Fortunately we won’t all like his work, for it would be a dull world if we did, but pictorial quality, and content aside, I have had a valuable lesson in style, craftsmanship and presentation from viewing his work, which will affect my own for a long time to come.
If you're looking for Michael Kenna books and are finding it difficult, try Beyond Words, Scotland's only specialist photographic bookshop.
They have a great stock of well known and lesser known stuff, and also have a webshop with mail order. It's a great shop, be sure to visit if you're in Edinburgh.
If you're in London, any number of places off the Charing Cross Road will be only too happy to take your bees out of your Lucy -I usually go to Zwemmers, Borders or the Photogs Gallery Bookshop. The V+A one is good too. Or you could try Amazon.
"He took to writing poetry and visiting the elves: and though many shook their heads and touched their foreheads and said 'Poor old Baggins!' and though few believed any of his tales, he remained very happy till the end of his days, and those were extraordinarily long "- JRR Tolkien, ' The Hobbit '.
This week's AP has half a dozen pages on him to tie in with the exhibition. It also has a free lens wrap, so they seem to be flying off the shelves!
Went there yesterday and got a few surprises. All prints are 7x7 inches but in large frames seem to be the right size. Each print effectively says the same" toned silver gelatin" but no mention of what the toner is. All are warm looking.
Skies are superb but of course highly manipulated.
Some are minimalist especially the Japanese study but not all. There is a study of the Ford Rouge Plant in Dearborn which is pure "industryscape".There are two of his books on a coffee table with comfortable seating so you can look at both the books and prints on the wall.
He can create pictures which grab you from what appears to be very little subject matter.
His books are on sale at the desk. There were I think three - all at £50 each
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I think Kenna rarely, if ever, prints more than 10 inches square from what I have read. I think that what you are seeing in the skies is the result of very long exposures: he often exposes at night/dawn/dusk with exposures of up to several hours.
To me they look like split-toned selenium/sepia but I could easily be barking up the wrong tree as I've only seen reproductions so far and my colourblindness does not help....
I was going this week but it got too busy at work (which is a good thing, no, honest, it is...).
I saw this yesterday. I have both his "Retrospective " books, and I've seen exhibitions of his work, so perhaps I felt just a tiny bit disappointed that there weren't more prints there I hadn't seen before. And of course the thing about his books is that the reproduction is excellent by comparison with most, so seeing the "real thing" behind glass isn't as different as it would be with many photographers.
I did get the chance a year or so ago to handle some of his mounted prints that weren't protected by glass, and that was an experience I'd recommend if it ever comes your way. I don't know how he tones his work either, but it is clear that it hasn't remained the same throughout his active career. The older material at this exhibit seemed pretty neutral to me; the more recent came across as warm, sometimes vaguely cream/yellow; sometimes sofly pinkish; sometimes affecting the highlights, other times not.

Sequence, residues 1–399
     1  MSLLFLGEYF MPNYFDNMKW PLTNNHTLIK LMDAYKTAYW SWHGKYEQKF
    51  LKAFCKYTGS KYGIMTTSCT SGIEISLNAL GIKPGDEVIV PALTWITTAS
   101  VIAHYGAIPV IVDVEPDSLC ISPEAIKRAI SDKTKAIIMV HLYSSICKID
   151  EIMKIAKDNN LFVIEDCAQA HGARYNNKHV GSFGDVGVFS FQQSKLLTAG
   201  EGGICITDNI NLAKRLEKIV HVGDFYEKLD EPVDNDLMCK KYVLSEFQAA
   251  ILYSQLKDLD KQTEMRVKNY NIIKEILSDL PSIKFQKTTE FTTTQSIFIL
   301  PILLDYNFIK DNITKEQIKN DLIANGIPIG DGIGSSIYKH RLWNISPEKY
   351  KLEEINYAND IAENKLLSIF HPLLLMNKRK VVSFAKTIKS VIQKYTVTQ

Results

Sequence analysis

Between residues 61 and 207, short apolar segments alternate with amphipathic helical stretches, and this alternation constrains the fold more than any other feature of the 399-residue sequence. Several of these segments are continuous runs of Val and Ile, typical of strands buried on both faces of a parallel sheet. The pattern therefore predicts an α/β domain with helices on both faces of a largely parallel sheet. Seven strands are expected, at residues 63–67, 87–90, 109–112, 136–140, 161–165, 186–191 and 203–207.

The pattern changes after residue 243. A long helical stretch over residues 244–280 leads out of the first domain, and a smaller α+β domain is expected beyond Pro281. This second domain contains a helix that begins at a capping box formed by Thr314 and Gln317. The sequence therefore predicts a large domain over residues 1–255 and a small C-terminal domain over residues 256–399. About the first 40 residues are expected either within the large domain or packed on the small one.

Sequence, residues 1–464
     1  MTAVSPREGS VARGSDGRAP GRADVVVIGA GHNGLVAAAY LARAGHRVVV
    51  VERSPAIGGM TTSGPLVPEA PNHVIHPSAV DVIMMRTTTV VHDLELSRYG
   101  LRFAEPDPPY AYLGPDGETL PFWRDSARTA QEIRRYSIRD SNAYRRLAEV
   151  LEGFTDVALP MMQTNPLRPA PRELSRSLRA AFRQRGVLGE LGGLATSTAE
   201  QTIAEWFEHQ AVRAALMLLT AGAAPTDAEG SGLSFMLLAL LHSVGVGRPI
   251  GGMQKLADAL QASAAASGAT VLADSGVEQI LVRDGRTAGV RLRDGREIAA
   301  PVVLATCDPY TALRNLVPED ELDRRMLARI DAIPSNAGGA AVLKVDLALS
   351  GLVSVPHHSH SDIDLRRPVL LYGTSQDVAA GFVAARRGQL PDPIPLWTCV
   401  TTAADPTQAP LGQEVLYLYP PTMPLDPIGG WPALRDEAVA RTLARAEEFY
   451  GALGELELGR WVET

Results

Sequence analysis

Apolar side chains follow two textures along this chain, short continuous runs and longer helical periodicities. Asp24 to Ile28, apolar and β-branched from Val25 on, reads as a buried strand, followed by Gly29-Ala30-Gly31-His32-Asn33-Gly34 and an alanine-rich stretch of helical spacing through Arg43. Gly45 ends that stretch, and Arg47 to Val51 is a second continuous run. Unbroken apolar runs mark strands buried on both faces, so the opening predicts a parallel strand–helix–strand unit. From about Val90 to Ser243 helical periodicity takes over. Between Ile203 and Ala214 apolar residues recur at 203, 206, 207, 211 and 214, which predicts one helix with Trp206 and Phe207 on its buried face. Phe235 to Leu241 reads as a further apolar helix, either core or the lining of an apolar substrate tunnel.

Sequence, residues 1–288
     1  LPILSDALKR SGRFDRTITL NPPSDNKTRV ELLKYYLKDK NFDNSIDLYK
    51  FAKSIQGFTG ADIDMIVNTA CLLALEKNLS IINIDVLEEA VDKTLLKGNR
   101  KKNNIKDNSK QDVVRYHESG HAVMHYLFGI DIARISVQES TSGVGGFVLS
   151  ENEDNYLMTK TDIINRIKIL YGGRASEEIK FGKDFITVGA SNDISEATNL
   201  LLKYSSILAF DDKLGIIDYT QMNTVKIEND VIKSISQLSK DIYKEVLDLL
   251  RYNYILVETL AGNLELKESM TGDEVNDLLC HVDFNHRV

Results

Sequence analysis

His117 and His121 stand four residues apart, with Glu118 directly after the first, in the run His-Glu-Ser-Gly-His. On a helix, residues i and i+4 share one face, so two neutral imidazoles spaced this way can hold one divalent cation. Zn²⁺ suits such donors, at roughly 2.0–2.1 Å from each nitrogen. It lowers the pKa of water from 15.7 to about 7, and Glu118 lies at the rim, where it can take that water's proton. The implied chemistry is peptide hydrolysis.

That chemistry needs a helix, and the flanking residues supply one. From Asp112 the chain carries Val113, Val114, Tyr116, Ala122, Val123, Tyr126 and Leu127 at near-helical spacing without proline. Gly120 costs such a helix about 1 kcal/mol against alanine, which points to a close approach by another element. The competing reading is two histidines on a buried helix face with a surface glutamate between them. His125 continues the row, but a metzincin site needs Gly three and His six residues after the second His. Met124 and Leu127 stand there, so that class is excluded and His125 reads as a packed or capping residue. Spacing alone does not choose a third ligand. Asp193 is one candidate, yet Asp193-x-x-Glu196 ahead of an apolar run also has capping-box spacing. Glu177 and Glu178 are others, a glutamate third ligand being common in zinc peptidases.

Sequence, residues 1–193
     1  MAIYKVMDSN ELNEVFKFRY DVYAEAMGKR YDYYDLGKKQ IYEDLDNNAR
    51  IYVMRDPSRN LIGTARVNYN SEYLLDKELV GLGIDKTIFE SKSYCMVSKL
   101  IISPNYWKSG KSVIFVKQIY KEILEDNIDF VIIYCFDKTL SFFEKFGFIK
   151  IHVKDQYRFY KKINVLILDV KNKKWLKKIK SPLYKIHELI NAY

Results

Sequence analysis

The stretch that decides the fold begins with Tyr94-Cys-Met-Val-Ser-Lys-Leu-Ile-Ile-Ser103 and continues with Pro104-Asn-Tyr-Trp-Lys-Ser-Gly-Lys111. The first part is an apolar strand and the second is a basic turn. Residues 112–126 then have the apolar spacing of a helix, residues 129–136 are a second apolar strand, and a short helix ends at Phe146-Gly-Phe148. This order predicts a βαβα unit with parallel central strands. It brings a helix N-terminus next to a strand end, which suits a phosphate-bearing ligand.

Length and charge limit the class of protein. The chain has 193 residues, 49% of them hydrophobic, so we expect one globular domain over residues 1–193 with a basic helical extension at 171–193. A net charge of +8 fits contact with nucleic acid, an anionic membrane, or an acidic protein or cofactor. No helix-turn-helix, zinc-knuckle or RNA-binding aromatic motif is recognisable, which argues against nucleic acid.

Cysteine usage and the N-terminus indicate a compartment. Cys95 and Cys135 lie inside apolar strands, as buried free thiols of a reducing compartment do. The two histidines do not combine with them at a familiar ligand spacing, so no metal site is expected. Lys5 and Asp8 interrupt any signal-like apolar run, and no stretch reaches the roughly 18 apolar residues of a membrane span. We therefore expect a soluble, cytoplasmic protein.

For anyone with even a vague interest in his work, and who hasn't seen his prints before, I'd recommend it. His standards are high.
APUGer CrispinUK and myself visited the exhibition today along with my wife and daughter. I think that we were all spell-bound. The relatively small size of the images is perfect for Kenna's work. The size enhances the amazing way that he seems to create enormous contrast between the key elements of the scene and still manages to delivery some of the most delicate, soft-toned details elsewhere.
I found that the originals had higher contrast than the images in my copy of 'Japan' - a stunning book in all respects.
We too wondered at his methods of toning. my guess was also along the lines of selenium/sepia but whatever combination he uses he does it beautifully. I'd also love to know how he burns his images. The key dark elements are always pitch black and given their tack-sharp outlines I can only assume that he creates very accurate masks. Note that I'm a beginner when it comes to printing so others may have a much better idea of how he achieves his results.
Any insider info would be gratefully received.
If you're able to get to Banbury I'd highly recommend a visit. They'd run out of books to sell today but are expecting more soon.
Following our visit to Banbury we drove down to the Vale of the White Horse to take some black and white shots of The Manger and Wayland's Smithy. The skies had brightened for a while earlier in the day but turned resolutely grey during our time on The Ridgeway - c'est la vie - we still had a great time and exposed a couple of rolls of 120 film.
Quote from interview with Kenna in Black & White magazine (UK publication) in August 2003:
'All my prints are very slightly sepia toned. It's basically so the highlights become a little warmer and the shadows stay quite cold. It kind of inverses the way we normally see a print because usually the dark shapes come forward and the light shapes go back. Somehow it gives an extra dimension to the print. I've been toning in the same way for almost 30 years now.'
Barry - that's one of my favourite places - I've often spent the night at Waylands Smithy - would like to see how your pics turned out - I've never really got any successful pics of the area - I think it's all too "big" to capture on film.
Originally Posted by bwakel
I'm off to the exhibition this weekend - any tips for where to stay overnight? Is Banbury a nice place?